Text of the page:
OA: What can you tell us about your forthcoming chapbook?
CR: It will instead be put out by "Tainted Coffee Press" which is part of "Zygote in my coffee" ( Co-edited by Brian Fugett and Karl Koweski. The only details thus far are from Brian's e-mail to me - "...The "69" FLIPBOOK CHAP SERIES is a unique combination of 2 chapbooks by two different poets packaged together in which one sidewill feature the poetry of ONE poet & then you flip it over & it will feature a whole DIFFERENT poet! And each side will have it?s VERY ownCover art! It's kinda in the same vein as those flip-book style of comic books from back in the late 70's & early 80's!..." The other poet will be non-other than S.A. Griffin, co-editor of "The Outlaw Bible of American Poetry" and his latest "Numbsull Sutra" available from Rank Stranger Press.

OA: Does the act of conveying a poem to an audience ever change the way you feel about a particular poem? How do you feel about poetry readings in general?
CR: No, i don't think it does. Poetry readings can be varied. It's a total crapshoot when you go to 'em. I've been to some, such> as the monthly one hosted by Steve Goldberg and Nick Traenkner at the Literary Cafe in Tremont, Ohio, ( which are always fun with great featured readers as well as some fine open mic'ers. Than there are others that are like an old lady's quilting b.

OA: Who are some of your biggest literary influences?
CR: Sharon Olds, Charles Bukowski, Kurt Vonnegut, William Carlos Williams, Thomas Mann, Henry Miller, Mike Topp, Tom Kryss, d.a. levy, Kent Taylor, James Wright, Billy Collins, Knut Hamsun, Jim Burns, Raymond Carver and a SLEW of small press/independent poets.

OA: What next for C. Allen Rearick?.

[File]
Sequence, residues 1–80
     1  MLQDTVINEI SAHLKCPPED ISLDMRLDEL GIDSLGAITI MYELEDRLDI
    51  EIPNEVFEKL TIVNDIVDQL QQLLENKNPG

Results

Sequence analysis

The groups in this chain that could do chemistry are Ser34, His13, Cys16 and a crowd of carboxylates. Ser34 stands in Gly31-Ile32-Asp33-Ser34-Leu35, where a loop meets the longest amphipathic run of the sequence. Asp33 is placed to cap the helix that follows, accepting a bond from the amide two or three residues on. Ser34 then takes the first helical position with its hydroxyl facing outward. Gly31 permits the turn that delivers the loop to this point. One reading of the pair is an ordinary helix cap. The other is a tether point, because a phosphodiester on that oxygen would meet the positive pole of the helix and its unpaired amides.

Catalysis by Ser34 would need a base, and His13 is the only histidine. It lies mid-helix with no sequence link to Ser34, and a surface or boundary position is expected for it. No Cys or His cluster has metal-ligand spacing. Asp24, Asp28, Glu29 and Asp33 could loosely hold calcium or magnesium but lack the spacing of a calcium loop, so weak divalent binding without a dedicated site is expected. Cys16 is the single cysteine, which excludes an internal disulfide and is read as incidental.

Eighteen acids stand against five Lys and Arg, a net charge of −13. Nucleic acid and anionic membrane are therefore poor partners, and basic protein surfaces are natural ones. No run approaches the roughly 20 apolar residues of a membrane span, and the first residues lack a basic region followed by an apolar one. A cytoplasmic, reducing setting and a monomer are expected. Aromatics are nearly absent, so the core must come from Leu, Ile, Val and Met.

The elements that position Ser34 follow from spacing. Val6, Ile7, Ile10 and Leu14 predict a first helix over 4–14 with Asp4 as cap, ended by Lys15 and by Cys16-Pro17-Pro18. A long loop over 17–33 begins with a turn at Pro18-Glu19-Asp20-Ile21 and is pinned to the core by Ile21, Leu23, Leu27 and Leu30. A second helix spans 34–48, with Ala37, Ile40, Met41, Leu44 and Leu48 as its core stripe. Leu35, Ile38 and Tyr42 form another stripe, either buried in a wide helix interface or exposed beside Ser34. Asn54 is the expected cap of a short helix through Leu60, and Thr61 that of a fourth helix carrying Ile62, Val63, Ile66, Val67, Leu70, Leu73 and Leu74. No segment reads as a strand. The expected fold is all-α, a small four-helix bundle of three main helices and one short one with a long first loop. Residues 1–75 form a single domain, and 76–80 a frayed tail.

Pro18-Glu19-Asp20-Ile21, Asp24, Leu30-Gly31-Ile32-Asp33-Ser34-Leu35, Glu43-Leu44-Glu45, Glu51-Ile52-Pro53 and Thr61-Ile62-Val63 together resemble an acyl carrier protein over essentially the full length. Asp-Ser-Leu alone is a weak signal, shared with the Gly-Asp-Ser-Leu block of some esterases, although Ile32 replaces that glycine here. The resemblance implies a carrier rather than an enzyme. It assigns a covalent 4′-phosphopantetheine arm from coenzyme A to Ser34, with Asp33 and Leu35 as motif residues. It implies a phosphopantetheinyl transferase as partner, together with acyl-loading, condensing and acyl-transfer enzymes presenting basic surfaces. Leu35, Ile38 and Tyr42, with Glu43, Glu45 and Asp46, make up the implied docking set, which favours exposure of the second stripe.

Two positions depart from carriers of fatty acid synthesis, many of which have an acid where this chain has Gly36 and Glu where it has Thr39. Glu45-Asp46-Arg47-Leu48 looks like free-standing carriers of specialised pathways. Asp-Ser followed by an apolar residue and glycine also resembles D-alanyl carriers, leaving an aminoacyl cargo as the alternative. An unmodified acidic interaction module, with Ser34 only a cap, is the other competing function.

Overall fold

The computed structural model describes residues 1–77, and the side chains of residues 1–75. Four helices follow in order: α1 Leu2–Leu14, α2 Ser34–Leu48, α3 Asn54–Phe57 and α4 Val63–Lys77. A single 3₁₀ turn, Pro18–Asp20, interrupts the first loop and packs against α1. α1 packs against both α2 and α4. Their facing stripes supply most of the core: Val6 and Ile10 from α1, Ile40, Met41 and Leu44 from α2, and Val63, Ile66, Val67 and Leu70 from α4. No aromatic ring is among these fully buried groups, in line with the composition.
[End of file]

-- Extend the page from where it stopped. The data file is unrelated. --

CR: Well, gettin' the word out aboot> Ron Paul. Helpin' to promote poets and artists I like via my myspace ( I've been readin' a lot in the> area of screenplays too.

Bonus Questions:

OA: Coffee? If yes, what is your favorite kind of coffee, and where is your favorite coffee place?
CR: Coffee is a must!!! Has to be strong too. To quote S.A. Griffin when he crashed at my place for d.a. levy fest "Cowboy coffee!" Well, I used to enjoy goin' to this place called "Common Grounds" it's open 24 hours and you could smoke there. I don't go there as much anymore due largely in part of the Ohio smoking ban. F**KERS.

OA: What type of music do you enjoy listening to currently? Who are some of your
all-time favorites?
CR: My taste is very eclectic. My all-time bein' Nirvana. I also love, in no particualr order, Alkaline Trio, The Lawrence Arms, The Broadways, The Queers, Brandston, Public Enemy, Eminem, Outcast, The Beatles, The Traveling Wilburys, Dreyfus, Whatever, The Reserves, Greg-o/Little Beck, William H. Michaels, Thursday, Jawbreaker, Norah Jones, etc...

For more information on C. Allen Rearick visit his website or his myspace.


Kevin Doran said...

So when is c. allen gonna write a film?!

Luis said...


Hey, I liked your GPP
broadside, so that makes
three people who like it.